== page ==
purpose; they will have a deep sense of personal
responsibility. Levity will be repressed; there will be no [p. 121] boisterous merriment, no rude jesting; but the religion
of Jesus gives peace like a river. It does not
quench the light of joy; it does not restrain
cheerfulness nor cloud the sunny, smiling face. Christ
came not to be ministered unto but to minister; and
when His love reigns in the heart, we shall follow
If we keep uppermost in our minds the unkind
and unjust acts of others we shall find it impossible
to love them as Christ has loved us; but if our thoughts
dwell upon the wondrous love and pity of Christ for
us, the same spirit will flow out to others. We should
love and respect one another, notwithstanding the
faults and imperfections that we cannot help seeing.
Humility and self-distrust should be cultivated, and a
patient tenderness with the faults of others. This will
kill out all narrowing selfishness and make us large-hearted and
The psalmist says, "Trust in the Lord, and do
good; so shalt thou dwell in the land, and verily thou
shalt be fed." Psalm 37:3. "Trust in the Lord." Each
day has its burdens, its cares and perplexities; and
when we meet how ready we are to talk of our difficulties
and trials. So many borrowed troubles intrude,
so many fears are indulged, such a weight of anxiety
is expressed, that one might suppose we had no pitying,
loving Saviour ready to hear all our requests and
to be to us a present help in every time of need.
Some are always fearing, and borrowing trouble.
Every day they are surrounded with the tokens of
God's love; every day they are enjoying the bounties
of His providence; but they overlook these present [p. 122] blessings. Their minds are continually dwelling upon
something disagreeable which they fear may come;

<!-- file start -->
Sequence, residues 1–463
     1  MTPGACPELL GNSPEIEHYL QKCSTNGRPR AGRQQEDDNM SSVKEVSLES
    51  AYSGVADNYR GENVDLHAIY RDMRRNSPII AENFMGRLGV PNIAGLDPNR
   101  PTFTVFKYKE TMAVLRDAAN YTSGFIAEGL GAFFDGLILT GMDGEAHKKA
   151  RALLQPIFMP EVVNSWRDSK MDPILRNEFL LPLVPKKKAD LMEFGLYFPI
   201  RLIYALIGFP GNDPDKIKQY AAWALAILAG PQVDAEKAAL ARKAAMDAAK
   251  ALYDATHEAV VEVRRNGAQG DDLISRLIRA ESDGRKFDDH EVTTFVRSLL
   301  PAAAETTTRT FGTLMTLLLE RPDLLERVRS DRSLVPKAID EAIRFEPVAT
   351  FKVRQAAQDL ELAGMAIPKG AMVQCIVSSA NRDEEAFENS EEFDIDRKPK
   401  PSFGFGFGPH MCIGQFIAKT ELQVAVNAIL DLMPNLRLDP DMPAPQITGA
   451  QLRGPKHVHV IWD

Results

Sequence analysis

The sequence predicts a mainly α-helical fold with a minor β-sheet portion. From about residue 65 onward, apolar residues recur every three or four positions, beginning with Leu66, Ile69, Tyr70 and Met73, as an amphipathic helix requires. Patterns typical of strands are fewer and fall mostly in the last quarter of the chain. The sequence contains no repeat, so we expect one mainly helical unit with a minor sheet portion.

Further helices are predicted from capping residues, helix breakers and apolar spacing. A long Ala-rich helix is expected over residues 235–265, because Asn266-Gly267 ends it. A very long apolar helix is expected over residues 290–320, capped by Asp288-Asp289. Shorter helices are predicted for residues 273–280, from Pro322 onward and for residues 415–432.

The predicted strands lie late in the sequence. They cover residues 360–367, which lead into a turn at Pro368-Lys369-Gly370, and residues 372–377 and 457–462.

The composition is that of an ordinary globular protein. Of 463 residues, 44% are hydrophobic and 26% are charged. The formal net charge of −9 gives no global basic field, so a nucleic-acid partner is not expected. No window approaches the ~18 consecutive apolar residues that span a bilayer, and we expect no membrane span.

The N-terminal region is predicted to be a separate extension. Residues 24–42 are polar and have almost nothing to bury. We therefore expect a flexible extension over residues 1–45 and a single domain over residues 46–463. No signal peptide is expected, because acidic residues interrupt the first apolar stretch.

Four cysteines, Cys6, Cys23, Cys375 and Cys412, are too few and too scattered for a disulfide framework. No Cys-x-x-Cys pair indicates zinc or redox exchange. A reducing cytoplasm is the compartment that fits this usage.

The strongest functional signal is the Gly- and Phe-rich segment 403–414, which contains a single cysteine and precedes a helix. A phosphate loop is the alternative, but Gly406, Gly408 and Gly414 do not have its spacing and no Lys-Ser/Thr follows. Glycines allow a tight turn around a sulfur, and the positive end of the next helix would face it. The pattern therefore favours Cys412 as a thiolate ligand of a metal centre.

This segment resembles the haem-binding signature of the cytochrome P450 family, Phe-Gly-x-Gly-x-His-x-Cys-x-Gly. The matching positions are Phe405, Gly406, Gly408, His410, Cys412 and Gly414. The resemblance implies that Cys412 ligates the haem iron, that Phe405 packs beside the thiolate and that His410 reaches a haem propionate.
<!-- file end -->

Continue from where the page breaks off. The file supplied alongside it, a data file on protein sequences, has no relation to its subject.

or some difficulty may really exist which, though
small, blinds their eyes to the many things that
demand gratitude. The difficulties they encounter,
instead of driving them to God, the only source of
their help, separate them from Him because they
awaken unrest and repining.
Do we well to be thus unbelieving? Why should
we be ungrateful and distrustful? Jesus is our friend;
all heaven is interested in our welfare. We should
not allow the perplexities and worries of everyday
life to fret the mind and cloud the brow. If we do
we shall always have something to vex and annoy.
We should not indulge a solicitude that only frets
and wears us, but does not help us to bear trials.
You may be perplexed in business; your prospects
may grow darker and darker, and you may be threatened
with loss; but do not become discouraged; cast
your care upon God, and remain calm and cheerful.
Pray for wisdom to manage your affairs with discretion,
and thus prevent loss and disaster. Do all you
can on your part to bring about favorable results.
Jesus has promised His aid, but not apart from our
effort. When, relying upon our Helper, you have
done all you can, accept the result cheerfully.